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image You don’t own your books for real when you buy ‘em with DRM, as Amazon’s 1984 recall showed us.

When will the Federal Trade Commission, the bureaucracy housed in the building to the left, crack down on that—in a truly meaningful way?

Just why isn’t the Amazon site full of big, conspicuous reminders mandated by the FTC?

So you can bet I was more than a little baffled when the FTC announced hefty fines for bloggers who didn’t play by a newly announced set of rules about free products (PDF alert), including review copies of books. Bottom line: You’d better disclose if you review a book and keep a copy, even an e-book that cost the author virtually $0 to email you. Isn’t this a little inconsistent, given the FTC’s laxity on DRM at Amazon.com and elsewhere, despite a recent hearing?

Book costs are small compared to reviewing time

image Interestingly, the cost of a typical book tends to be small compared to the time spent reviewing it properly. Maybe the FTC could include an exemption for a review of greater than a certain length, with suitable documentation showing time devoted to it.

I’m all in favor of reasonable disclosure rules, but read Ed Champion’s interview with Richard Cleland of the FTC and see if the agency isn’t going too far. Also see Galley Cat here and here and here and here, as well as Slate. The odd thing is that the rules are aimed at bloggers while sparing the mainstream media, which is interesting, given the number of MSM folks who received free Kindles from Amazon. What’s more, we know how much we can depend on the MSM to review first novels and e-books, right? Don’t you love how the feds are encouraging E?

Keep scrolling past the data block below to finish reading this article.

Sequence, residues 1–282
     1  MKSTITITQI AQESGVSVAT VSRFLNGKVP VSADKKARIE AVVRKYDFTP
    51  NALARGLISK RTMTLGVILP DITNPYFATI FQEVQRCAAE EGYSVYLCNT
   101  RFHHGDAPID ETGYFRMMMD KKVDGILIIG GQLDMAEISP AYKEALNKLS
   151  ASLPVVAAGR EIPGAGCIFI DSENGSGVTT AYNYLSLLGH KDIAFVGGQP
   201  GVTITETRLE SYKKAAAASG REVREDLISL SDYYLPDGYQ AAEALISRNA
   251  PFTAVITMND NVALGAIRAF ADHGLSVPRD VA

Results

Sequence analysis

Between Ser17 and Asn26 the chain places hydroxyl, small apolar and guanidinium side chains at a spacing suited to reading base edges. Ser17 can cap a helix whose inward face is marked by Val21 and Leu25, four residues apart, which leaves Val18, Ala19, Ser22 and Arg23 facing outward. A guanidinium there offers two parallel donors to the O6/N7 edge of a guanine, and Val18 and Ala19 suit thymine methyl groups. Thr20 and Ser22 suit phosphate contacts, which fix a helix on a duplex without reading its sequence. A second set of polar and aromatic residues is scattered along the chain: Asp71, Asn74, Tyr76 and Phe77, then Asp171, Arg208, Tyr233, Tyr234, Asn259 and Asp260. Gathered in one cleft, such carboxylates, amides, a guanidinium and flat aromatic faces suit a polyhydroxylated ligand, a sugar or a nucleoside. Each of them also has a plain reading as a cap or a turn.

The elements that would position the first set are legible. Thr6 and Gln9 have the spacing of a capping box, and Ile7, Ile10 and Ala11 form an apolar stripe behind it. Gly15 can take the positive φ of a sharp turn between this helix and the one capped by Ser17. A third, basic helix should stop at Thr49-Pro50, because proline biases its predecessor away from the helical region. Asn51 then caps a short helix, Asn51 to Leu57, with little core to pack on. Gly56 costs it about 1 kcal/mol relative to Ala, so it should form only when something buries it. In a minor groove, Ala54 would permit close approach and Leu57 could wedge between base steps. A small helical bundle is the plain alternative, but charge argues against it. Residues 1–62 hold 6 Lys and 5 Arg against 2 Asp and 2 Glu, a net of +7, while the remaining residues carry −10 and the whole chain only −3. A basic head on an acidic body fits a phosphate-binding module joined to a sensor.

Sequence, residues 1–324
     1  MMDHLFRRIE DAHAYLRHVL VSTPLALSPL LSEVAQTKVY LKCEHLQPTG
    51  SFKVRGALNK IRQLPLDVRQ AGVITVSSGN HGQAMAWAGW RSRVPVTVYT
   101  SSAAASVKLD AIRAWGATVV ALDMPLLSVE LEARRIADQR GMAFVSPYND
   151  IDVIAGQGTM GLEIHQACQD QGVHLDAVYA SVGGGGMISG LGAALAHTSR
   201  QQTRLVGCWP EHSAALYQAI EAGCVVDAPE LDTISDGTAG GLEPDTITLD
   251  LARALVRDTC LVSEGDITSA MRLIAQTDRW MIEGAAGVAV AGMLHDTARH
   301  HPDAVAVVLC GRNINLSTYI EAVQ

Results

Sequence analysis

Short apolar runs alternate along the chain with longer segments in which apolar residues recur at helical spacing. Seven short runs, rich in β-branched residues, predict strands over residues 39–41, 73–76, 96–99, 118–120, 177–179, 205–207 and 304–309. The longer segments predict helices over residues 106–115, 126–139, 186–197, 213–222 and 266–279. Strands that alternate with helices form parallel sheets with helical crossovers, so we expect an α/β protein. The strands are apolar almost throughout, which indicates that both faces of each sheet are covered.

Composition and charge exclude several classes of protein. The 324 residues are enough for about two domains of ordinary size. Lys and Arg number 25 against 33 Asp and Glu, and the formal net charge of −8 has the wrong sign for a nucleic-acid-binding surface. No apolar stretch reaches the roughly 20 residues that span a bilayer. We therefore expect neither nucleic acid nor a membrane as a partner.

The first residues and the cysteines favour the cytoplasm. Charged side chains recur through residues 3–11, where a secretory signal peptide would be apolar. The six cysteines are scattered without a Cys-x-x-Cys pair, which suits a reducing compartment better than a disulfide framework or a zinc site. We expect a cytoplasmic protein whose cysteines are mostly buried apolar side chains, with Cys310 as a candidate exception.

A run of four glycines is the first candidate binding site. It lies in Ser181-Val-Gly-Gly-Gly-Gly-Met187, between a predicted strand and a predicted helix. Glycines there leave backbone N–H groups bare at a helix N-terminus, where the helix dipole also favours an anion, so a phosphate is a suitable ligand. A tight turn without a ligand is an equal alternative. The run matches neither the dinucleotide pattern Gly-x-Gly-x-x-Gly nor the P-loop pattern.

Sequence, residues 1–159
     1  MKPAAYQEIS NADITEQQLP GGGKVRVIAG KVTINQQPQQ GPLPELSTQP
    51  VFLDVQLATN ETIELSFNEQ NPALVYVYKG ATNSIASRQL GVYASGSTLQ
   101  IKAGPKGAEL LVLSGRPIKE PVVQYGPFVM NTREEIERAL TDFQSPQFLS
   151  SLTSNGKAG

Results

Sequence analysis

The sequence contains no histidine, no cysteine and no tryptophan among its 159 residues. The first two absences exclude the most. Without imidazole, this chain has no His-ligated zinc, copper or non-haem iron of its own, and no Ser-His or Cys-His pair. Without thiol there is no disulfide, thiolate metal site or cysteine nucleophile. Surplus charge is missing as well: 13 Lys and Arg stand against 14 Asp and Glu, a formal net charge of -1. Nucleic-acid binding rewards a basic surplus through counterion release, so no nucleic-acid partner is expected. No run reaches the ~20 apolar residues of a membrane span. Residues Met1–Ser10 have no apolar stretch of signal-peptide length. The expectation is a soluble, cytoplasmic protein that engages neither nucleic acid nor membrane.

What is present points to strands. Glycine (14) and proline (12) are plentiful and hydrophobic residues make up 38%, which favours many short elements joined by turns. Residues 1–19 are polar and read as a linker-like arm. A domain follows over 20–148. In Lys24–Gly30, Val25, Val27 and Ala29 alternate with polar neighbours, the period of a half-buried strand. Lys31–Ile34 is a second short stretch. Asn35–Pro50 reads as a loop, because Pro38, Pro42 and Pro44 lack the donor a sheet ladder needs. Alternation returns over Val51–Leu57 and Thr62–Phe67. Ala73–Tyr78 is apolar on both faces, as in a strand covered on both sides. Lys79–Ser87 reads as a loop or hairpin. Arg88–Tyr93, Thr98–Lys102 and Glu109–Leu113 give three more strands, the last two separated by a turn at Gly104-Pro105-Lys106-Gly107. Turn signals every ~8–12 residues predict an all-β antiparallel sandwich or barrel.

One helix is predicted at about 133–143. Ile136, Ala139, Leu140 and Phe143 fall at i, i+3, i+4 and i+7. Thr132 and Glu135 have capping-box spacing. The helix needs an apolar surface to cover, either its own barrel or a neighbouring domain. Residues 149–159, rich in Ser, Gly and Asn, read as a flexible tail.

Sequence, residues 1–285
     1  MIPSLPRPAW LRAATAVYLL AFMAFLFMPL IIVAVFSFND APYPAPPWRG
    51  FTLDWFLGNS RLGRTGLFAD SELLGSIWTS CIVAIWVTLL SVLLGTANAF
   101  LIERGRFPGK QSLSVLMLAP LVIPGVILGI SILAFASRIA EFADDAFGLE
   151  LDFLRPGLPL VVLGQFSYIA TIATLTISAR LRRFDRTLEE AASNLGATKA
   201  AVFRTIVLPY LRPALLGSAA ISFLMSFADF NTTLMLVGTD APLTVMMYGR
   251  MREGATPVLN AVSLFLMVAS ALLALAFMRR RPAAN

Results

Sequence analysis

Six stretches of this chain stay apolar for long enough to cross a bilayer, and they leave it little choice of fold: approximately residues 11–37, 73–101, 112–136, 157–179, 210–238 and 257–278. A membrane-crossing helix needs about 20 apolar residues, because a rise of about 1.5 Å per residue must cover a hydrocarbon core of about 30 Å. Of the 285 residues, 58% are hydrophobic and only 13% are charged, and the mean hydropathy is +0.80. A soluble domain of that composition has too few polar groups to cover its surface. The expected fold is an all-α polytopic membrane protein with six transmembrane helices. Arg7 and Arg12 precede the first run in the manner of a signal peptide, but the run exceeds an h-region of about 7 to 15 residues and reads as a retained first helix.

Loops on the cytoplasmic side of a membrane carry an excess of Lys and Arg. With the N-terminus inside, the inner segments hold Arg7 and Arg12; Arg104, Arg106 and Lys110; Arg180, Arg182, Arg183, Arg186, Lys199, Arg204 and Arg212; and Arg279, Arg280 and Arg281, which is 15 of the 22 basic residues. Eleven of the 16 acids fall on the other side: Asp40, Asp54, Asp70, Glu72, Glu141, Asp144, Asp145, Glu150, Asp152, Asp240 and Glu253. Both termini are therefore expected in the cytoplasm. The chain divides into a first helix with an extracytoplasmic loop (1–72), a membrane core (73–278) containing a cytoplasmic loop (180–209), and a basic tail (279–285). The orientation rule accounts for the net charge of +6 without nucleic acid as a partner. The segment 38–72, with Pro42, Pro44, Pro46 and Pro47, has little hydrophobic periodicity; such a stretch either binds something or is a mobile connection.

In fairness to the FTC, the $11K fines are really aimed more at advertisers than bloggers, and first offenders won’t have to pay a nickel. Just the same, I’m appalled by the singling out of bloggers. Perhaps the MSM will be next—and deservedly so, if they don’t speak out against this craziness.

Meanwhile here’s an excerpt from Champion’s post on Cleland:

Cleland insisted that when a publisher sends a book to a blogger, there is the expectation of a good review. I informed him that this was not always the case and observed that some bloggers often receive 20 to 50 books a week. In such cases, the publisher hopes for a review, good or bad. Cleland didn’t see it that way.

“If a blogger received enough books,” said Cleland, “he could open up a used bookstore.”

Disclosure: Yep, I’ll still corrupt reviewers with free review copies in E or P of The Solomon Scandals for them to praise or pan.

 
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